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Teach (impf. and partic. taught) to make to learn, to instruct, to inform, to communicate knowledge or skill; absol.: “to follow mine own --ing,” Merch. I, 2, 19. “the manner of his --ing,” Shr. IV, 2, 5. “a mistress to most that t.” Wint. IV, 4, 594. H4A I, 1, 96. H8 V, 3, 16. H8 V, 3, 16 Trans.; as object the thing which one is made to learn: “thou didst t. the way,” Lucr. 630. “not learning more than the fond eye doth t.” Merch. II, 9, 27. “t. lavoltas high,” H5 III, 5, 33. “maintain the thing you t.” H6A III, 1, 129. “that we but t. bloody instructions, which, being taught, return,” Mcb. I, 7, 8; cf. Shr. III, 1, 69. Oth. II, 3, 2 (ourselves nom. or accus.?). Per. IV, 6, 199 etc. The person instructed as object: “his proceedings t. thee,” Ven. 406. “I have taught him, even as one would say precisely, thus I would t. a dog,” Gent. IV, 4, 5. Gent. IV, 4, 5 “my love is thine to t.” Ado I, 1, 293. “to t. a teacher ill beseemeth me,” LLL II, 108. “highly fed and lowly taught,” All's II, 2, 4. Shr. I, 1, 197. Caes. IV, 1, 35. Oth. IV, 2, 111. V, 1, 33 etc. Double accus.: “hath taught them scornful tricks,” Ven. 501. “your love taught it this alchemy,” Sonn. 114, 4. “if I might t. thee wit,” 140, 5. “taught thee one thing or other,” Tp. I, 2, 354. “you taught me language,” Tp. I, 2, 354 “the catch you taught me,” III, 2, 127. Wiv. IV, 1, 67. IV, 5, 61. Meas. II, 4, 19. Err. III, 2, 14. LLL V, 1, 49. V, 2, 99. V, 2, 99 Mids. I, 1, 152. Mids. I, 1, 152 Merch. III, 1, 74. R2 I, 4, 13. H6C V, 6, 19. Hml. II, 2, 293 etc. The passive with the thing as subject and the person as object: “it hath been taught us from the primal state,” Ant. I, 4, 41. With the person as subject and the thing as object: “they are taught their manage,” As I, 1, 13. “you would be taught your duty,” R3 I, 3, 250. “where I was taught of your chaste daughter the wide difference twixt amorous and villanous,” Cymb. V, 5, 193. The person placed after the thing: he was a fool that taught them (these manners) “me,” H4B II, 1, 205. Preceded by to in this case: “creatures that by a rule in nature t. the act of order to a peopled kingdom,” H5 I, 2, 188.
Followed by a subordinate clause: “I'll t. you how you shall arraign your conscience,” Meas. II, 3, 21. “t. me how you look, and with what art you sway the motion of Demetrius' heart,” Mids. I, 1, 192. “t. twenty what were good to be done,” Merch. I, 2, 17. IV, 1, 440. As I, 3, 99. Rom. I, 1, 232. Mcb. I, 6, 12. Lr. II, 4, 69. By an infinitive: those eyes that taught all other “eyes to see,” Ven. 952. “t. the fool to speak,” Ven. 952 “--ing decrepit age to tread the measures,” Ven. 952 Lucr. 996. Sonn. 50, 3. 64, 11. 78, 5. 86, 5. 145, 8. Pilgr. 320. Gent. II, 1, 143. Gent. II, 1, 143 II, 6, 8. Wiv. I, 4, 115. II, 2, 214. III, 3, 44. Err. IV, 1, 101. LLL IV, 3, 13. Merch. IV, 1, 439. As I, 1, 32. III, 2, 362. Shr. IV, 5, 79. H6C I, 4, 124. Hml. I, 2, 175 etc. The inf. preceded by how: “thou --est how to make one twain,” Sonn. 39, 13. “I t. thee how to make him seem . . .,” 101, 13. Tp. I, 2, 334. II, 1, 222. Merch. III, 2, 10. As III, 2, 388. John V, 2, 88 etc. The inf. without to: “whose own hard dealings --es them suspect the thoughts of others,” Merch. I, 3, 162. To it in the place of a preceding infinitive: “I believe you: your honour and your goodness t. me to't,” Per. III, 3, 26 (i. e. to believe you; which in modern English would be: t. me so, or t. me to).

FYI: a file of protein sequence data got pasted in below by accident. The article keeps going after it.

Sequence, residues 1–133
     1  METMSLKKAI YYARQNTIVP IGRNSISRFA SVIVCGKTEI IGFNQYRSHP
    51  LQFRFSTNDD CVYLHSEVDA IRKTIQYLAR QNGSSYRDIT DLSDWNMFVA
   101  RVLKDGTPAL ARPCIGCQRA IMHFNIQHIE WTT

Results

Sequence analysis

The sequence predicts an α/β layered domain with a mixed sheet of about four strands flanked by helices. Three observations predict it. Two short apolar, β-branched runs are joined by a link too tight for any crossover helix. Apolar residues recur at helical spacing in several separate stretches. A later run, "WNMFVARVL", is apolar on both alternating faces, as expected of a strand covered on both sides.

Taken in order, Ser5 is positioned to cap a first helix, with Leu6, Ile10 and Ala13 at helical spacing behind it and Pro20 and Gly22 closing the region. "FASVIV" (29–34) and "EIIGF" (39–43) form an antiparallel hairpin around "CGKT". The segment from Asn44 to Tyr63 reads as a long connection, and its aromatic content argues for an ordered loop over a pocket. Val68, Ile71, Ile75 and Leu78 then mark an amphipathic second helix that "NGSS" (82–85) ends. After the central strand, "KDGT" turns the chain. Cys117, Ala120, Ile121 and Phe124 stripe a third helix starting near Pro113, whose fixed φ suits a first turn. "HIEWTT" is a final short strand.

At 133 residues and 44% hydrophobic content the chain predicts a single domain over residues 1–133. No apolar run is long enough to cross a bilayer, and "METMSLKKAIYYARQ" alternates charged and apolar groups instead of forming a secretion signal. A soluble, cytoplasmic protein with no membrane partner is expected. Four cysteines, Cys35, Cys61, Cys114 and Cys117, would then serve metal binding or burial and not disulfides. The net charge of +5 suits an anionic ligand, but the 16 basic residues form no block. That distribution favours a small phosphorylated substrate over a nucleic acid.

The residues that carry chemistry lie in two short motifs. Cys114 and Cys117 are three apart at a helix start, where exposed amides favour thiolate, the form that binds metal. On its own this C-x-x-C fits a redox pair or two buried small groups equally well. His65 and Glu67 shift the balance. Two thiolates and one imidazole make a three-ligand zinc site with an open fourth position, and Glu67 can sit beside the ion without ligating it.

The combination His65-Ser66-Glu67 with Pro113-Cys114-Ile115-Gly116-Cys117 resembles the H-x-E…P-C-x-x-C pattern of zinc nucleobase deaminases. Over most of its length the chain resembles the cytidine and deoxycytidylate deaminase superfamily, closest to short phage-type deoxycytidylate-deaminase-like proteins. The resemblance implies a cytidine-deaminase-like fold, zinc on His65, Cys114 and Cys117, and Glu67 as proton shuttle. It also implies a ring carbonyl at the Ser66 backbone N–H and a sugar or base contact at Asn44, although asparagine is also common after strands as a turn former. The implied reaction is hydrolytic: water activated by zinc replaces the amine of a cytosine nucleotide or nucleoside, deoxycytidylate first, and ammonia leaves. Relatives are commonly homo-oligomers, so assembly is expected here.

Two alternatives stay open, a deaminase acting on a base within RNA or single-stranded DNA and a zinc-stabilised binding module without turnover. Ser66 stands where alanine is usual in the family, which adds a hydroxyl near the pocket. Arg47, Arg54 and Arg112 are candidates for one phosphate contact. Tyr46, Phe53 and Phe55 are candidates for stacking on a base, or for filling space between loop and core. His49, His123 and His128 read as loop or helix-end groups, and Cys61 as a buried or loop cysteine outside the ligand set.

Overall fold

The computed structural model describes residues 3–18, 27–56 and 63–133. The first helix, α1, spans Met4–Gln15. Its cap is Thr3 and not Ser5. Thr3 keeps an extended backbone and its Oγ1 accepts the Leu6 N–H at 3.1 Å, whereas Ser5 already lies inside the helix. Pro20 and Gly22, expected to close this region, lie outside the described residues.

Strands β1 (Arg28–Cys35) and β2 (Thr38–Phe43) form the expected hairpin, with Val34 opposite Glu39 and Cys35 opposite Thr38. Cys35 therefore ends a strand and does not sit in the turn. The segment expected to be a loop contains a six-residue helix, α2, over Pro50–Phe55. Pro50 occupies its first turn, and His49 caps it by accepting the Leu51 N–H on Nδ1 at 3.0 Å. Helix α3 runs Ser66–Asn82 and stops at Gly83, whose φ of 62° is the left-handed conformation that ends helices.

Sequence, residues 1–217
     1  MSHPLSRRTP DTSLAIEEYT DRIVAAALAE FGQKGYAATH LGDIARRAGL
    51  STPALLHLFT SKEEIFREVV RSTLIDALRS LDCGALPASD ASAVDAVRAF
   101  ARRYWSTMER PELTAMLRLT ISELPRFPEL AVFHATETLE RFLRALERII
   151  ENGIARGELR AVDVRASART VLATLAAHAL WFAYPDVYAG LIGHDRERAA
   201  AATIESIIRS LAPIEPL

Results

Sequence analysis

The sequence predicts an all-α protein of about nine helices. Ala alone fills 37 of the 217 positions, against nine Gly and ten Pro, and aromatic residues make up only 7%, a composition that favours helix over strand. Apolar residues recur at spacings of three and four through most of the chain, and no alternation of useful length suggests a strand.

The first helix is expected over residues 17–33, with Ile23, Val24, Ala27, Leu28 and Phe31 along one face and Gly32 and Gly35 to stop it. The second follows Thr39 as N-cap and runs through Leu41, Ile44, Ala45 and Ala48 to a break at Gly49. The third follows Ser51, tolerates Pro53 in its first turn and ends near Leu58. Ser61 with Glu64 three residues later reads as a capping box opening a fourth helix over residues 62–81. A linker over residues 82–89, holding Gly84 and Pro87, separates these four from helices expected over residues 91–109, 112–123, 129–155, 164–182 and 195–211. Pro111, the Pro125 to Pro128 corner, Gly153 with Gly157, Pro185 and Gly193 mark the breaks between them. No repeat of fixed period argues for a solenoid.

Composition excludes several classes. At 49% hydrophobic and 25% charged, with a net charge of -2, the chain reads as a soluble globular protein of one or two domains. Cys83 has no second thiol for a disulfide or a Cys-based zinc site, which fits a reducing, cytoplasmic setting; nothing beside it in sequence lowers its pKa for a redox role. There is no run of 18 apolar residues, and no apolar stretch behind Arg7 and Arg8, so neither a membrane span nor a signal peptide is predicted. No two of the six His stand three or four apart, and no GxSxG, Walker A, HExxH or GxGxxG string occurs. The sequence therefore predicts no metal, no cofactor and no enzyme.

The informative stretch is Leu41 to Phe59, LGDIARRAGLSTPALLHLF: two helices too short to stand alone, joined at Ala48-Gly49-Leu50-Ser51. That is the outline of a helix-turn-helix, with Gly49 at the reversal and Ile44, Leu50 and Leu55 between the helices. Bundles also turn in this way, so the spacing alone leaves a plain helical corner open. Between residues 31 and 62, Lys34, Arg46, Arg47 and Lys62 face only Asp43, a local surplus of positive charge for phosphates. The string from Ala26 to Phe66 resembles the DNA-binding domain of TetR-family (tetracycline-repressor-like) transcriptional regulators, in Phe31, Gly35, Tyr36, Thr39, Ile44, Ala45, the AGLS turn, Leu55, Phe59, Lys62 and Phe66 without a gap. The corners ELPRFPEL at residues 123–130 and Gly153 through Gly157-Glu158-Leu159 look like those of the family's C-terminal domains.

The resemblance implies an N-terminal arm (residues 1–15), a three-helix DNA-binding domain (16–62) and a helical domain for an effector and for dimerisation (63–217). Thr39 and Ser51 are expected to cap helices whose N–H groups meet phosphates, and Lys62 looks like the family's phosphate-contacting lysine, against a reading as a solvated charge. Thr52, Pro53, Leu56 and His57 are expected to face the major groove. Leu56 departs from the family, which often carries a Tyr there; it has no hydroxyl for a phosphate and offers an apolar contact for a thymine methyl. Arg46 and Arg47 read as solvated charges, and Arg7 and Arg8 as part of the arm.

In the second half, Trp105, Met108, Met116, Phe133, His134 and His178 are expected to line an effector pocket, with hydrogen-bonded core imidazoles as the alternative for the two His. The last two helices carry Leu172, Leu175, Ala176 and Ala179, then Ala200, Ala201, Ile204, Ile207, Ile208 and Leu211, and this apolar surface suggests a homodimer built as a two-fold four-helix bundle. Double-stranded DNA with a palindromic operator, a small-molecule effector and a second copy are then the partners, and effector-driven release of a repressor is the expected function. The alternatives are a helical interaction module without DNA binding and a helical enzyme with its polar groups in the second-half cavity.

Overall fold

Sometimes not so much == to make to learn, as to make to know, to tell, to show: “--ing the sheets a whiter hue than white,” Ven. 398. “where is any author in the world --es such beauty as a woman's eye?” LLL IV, 3, 313. “she doth t. the torches to burn bright,” Rom. I, 5, 46 (i. e. she shows the torches, by her own radiance, what it is to burn bright). “he learned to sin, and thou didst t. the way,” Lucr. 630. cf. Meas. II, 4, 19. R2 IV, 301. All's II, 4, 35. John III, 1, 120. “who is the suitor? Shall I t. you to know?” LLL IV, 1, 110 (== shall I tell you?). “to what end, my lord? That you must t. me,” Hml. II, 2, 293.
Sometimes == to induce, to prevail on, to set on to: “him that thou taughtest this ill,” Lucr. 996. “how angerly I taught my brow to frown,” Gent. I, 2, 62. “I could have taught my love to take thy father for mine,” As I, 2, 12. “his false cunning taught him to face me out of his acquaintance,” Tw. V, 91. “if thou . . . t. thy hasty spleen to do me shame,” John IV, 3, 97. “they whom youth and ease have taught to glose,” R2 II, 1, 10. “this is his uncle's --ing,” H4A I, 1, 96. “t. not thy lips such scorn,” R3 I, 2, 172. “the bloody proclamation to escape, . . . taught me to shift into a madman's rags,” Lr. V, 3, 186. cf. Cor. II, 1, 271 (some M. Edd. touch).
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